Emergency advice

Bandaging:

  1. Support the casualty.
  2. Start bandaging from the front and injured side.
  3. If triangular bandage used, tie the ends in a reef knot.
  4. Check their circulation.

What are the different types of bandages?

There are three main types of bandages:

  • Roller bandages: use these to support injured limbs, limit swelling, maintain pressure on wounds and hold dressings in place. They can be used particularly for ankles, knees, wrists or elbows.
  • Tubular bandages: use these to support injured joints and hold dressings on fingers or toes. You can use gauze tubular bandage to secure dressings on toes and fingers and is applied to the injury with a special applicator. You can use elasticated tubular bandages to support injured joints such as the elbow or knee.
  • Triangular bandages: use these as slings to support a wrist, arm or shoulder injury, and as a bandage and dressing when folded for large wounds. Find out how to make an arm sling.

For more information on how to bandage different areas fo the body, please read our How to bandage a hand and How to put on elbow and knee bandages pages.

What to do

  1. Reassure them and explain what you’re going to do.

    • Help them to sit or lie in a comfortable position.
    • Support the limb or injured part of the body before applying the bandage.
  2. Start bandaging from the front and injured side of the casualty. Apply the bandage firmly, but not so tight that it’s restricting circulation.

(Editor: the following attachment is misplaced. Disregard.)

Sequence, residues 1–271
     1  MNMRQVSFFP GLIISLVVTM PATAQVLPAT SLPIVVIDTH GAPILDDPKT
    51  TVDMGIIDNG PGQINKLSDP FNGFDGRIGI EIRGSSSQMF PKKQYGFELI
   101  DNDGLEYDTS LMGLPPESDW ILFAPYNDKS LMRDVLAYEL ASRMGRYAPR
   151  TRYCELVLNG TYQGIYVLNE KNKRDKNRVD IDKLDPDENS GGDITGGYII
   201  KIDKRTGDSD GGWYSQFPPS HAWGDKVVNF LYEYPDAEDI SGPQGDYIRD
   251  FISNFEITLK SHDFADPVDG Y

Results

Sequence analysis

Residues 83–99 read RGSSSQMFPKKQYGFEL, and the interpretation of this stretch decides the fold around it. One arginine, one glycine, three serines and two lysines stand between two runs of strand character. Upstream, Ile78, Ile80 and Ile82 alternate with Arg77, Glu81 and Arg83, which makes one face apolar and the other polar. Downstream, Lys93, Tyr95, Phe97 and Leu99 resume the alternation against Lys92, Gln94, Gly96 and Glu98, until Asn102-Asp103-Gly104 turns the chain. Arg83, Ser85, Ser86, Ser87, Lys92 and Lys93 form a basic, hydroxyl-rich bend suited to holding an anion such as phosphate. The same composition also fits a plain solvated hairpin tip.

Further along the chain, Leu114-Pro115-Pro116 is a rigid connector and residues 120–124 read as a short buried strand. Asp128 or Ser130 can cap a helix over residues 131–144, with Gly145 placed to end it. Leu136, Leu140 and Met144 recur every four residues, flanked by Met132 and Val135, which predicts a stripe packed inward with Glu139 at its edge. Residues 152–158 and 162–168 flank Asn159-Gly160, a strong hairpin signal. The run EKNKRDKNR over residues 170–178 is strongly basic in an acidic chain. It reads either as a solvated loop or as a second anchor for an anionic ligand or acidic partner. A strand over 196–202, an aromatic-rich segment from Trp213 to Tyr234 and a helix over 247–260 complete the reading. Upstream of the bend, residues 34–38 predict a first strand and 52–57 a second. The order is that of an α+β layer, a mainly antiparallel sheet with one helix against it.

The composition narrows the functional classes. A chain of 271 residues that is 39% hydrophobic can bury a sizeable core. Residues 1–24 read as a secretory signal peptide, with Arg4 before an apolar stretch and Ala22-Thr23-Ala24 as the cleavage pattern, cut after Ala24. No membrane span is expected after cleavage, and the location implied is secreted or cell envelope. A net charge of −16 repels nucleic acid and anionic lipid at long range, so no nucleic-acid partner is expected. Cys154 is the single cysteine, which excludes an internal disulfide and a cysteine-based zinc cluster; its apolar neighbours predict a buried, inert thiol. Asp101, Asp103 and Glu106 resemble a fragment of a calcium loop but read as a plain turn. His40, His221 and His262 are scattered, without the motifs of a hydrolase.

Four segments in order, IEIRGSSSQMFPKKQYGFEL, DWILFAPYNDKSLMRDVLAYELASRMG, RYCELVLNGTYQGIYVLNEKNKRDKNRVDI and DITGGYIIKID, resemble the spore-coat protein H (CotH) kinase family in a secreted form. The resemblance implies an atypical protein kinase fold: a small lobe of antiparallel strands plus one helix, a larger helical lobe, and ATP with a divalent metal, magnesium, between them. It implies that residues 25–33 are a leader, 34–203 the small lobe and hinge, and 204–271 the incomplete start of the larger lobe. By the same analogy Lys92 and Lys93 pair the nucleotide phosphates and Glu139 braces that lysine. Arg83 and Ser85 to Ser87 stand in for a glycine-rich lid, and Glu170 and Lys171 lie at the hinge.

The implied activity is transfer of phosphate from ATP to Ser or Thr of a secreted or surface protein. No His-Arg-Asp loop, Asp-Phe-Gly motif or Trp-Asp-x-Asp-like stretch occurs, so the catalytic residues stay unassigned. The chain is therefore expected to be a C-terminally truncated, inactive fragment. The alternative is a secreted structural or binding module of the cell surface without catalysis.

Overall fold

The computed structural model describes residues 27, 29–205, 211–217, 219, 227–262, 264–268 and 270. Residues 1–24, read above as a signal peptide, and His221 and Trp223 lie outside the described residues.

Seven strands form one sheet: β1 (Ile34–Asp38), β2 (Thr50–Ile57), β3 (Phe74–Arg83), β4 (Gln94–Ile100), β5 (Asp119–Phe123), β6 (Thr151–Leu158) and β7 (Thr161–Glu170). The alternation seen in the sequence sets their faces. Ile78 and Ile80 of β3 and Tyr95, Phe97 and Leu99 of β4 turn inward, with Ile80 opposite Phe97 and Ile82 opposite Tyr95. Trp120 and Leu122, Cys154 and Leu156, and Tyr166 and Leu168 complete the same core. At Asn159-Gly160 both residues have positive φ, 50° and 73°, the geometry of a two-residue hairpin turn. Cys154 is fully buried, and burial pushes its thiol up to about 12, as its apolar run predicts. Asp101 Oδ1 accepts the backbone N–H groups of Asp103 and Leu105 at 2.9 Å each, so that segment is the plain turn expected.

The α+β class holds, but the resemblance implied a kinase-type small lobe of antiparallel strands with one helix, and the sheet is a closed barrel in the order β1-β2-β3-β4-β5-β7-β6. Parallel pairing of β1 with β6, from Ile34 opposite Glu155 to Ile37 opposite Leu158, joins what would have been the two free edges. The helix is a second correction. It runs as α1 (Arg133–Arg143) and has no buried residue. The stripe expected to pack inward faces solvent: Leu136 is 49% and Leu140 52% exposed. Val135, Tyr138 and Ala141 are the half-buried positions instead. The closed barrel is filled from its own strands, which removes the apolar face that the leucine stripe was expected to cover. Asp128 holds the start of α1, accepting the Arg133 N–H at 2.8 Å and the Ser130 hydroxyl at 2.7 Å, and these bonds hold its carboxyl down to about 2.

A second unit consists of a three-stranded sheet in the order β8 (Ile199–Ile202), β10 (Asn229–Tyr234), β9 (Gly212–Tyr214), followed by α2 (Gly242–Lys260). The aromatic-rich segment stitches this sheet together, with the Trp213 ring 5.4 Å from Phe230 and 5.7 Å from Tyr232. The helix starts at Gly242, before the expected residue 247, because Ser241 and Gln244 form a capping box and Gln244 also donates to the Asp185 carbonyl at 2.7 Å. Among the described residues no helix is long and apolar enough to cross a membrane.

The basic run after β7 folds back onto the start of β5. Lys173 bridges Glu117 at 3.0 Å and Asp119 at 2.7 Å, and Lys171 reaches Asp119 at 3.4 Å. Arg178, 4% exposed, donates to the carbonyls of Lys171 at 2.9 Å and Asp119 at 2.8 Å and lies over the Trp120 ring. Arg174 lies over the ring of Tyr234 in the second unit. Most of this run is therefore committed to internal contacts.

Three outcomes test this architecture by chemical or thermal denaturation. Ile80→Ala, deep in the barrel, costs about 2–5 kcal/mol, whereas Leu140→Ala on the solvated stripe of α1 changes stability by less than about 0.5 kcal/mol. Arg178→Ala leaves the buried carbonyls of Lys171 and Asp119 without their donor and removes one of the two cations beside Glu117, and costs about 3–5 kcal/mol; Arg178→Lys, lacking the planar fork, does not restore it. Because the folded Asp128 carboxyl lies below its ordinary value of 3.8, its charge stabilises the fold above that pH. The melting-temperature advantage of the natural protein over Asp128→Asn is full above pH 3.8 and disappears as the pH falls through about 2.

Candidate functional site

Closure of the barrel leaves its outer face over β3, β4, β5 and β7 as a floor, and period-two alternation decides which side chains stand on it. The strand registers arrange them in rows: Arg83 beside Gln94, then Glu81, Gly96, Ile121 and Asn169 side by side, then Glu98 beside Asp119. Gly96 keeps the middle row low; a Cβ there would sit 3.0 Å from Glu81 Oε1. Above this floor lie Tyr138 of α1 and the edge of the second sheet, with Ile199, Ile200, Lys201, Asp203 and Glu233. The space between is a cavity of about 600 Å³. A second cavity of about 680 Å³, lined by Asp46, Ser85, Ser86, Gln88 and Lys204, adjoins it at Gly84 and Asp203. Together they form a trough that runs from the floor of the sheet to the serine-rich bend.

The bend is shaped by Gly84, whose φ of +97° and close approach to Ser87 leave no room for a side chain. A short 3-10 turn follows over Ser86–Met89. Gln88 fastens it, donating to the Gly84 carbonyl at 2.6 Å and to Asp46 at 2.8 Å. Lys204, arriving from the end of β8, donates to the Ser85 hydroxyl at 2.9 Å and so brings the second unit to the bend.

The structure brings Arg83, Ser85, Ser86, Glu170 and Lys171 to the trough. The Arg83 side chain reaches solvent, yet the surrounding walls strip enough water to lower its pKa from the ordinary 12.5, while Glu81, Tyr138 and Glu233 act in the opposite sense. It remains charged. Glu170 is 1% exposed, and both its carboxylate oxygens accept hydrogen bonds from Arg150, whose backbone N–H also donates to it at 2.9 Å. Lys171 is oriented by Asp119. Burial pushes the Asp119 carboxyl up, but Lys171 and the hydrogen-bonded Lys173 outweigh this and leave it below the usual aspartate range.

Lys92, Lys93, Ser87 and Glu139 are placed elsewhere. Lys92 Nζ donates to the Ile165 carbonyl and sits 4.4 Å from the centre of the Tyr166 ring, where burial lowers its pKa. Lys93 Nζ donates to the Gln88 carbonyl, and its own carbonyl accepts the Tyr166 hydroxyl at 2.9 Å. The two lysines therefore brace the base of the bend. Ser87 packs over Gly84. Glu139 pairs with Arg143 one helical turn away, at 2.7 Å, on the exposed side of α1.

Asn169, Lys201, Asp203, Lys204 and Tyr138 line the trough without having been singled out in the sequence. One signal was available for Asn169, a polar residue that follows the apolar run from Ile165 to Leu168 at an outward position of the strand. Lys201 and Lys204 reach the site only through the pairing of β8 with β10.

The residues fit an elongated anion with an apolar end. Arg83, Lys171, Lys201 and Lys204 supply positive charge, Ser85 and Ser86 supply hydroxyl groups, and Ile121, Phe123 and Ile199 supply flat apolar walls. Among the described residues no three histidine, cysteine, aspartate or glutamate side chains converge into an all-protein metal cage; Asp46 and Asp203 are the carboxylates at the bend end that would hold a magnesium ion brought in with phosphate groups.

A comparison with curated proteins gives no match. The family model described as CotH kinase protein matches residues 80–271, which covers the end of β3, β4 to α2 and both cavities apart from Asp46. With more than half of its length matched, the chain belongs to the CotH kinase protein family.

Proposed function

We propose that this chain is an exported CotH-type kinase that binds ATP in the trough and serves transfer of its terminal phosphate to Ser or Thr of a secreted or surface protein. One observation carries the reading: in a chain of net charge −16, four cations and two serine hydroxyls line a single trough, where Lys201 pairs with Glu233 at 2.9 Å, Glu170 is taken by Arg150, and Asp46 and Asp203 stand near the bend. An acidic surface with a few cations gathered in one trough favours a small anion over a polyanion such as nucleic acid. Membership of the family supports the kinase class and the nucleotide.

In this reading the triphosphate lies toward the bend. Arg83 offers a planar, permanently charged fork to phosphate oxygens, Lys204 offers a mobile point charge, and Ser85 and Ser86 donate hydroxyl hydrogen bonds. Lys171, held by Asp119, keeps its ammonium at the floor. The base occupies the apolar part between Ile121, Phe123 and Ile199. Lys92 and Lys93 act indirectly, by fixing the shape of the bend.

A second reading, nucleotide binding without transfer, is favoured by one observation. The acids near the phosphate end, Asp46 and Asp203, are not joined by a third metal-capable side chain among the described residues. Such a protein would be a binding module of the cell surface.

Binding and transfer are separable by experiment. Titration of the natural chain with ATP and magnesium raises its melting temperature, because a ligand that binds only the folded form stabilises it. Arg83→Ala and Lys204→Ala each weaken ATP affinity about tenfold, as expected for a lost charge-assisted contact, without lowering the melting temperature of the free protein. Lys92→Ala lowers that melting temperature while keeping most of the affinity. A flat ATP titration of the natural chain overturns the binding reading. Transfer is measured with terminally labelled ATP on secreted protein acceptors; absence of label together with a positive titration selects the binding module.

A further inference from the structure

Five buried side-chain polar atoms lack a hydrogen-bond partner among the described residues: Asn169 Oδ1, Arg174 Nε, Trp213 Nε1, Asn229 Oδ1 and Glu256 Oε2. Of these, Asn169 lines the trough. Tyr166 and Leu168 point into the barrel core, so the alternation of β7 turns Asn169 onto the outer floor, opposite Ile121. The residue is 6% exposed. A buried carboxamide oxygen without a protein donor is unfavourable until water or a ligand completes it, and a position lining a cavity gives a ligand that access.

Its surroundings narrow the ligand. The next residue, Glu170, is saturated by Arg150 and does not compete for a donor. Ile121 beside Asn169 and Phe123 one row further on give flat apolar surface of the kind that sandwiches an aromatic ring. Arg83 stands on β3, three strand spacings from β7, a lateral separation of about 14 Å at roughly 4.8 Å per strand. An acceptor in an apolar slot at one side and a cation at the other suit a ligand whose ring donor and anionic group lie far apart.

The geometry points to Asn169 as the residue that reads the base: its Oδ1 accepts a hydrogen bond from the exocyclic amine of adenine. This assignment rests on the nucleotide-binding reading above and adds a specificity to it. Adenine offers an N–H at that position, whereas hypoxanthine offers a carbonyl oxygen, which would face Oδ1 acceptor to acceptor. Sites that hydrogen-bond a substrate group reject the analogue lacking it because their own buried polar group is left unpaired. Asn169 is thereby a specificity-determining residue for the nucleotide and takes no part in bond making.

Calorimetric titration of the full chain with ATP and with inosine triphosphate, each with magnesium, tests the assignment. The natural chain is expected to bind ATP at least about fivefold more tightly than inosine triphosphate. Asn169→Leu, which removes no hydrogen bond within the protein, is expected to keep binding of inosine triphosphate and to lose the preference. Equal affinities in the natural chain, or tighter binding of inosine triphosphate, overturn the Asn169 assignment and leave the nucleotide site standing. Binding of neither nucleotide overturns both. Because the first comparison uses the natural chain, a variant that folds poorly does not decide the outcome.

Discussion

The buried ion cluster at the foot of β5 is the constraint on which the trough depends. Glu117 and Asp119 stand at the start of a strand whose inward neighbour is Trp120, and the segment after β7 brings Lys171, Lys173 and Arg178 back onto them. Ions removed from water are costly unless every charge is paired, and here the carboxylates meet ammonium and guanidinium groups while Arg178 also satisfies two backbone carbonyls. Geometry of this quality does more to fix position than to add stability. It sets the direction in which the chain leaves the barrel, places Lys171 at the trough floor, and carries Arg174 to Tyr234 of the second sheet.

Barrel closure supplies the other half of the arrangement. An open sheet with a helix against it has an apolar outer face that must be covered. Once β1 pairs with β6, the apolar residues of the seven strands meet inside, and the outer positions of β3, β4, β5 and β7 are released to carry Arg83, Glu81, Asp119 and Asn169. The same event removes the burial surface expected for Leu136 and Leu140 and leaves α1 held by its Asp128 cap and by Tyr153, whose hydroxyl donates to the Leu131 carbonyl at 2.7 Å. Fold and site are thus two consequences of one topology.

• Leave fingers and toes exposed to help you check their circulation.
  3. Use spiral turns when wrapping the bandage around the limb, working from the inside to the outside of the limb.

  4. Use pins or tape to fasten roller bandages. Otherwise you can tuck the bandage in securely.

  5. Use a reef knot to tie a triangular bandage: right over left and under, then left over right and under.

  6. Once you’ve finished tying the bandage, make sure you check for circulation by pressing on their finger or toe for five seconds until it goes pale.

    • If the colour doesn’t come back after two seconds, then the bandage is too tight, and you will need to reapply more loosely.
    • Check the circulation every 10 minutes.
Did you find this information helpful?

Browse our first aid products:

First aid dressings, bandages and tape

First aid dressings, bandages and tape

Shop now


 

Our training courses:

First aid courses

First aid courses

View


Related first aid advice

Strains and sprains

Injuries to the soft structure around the bones and joints are commonly called strains and sprains. They are often associated with sports activities.

Severe bleeding

When bleeding is severe, it can be dramatic and distressing. Find out what to do.

How to apply a dressing

When you have a wound, you should always cover it with a dressing as this can help to prevent infection. Find out what to do.

St John Ambulance volunteers providing support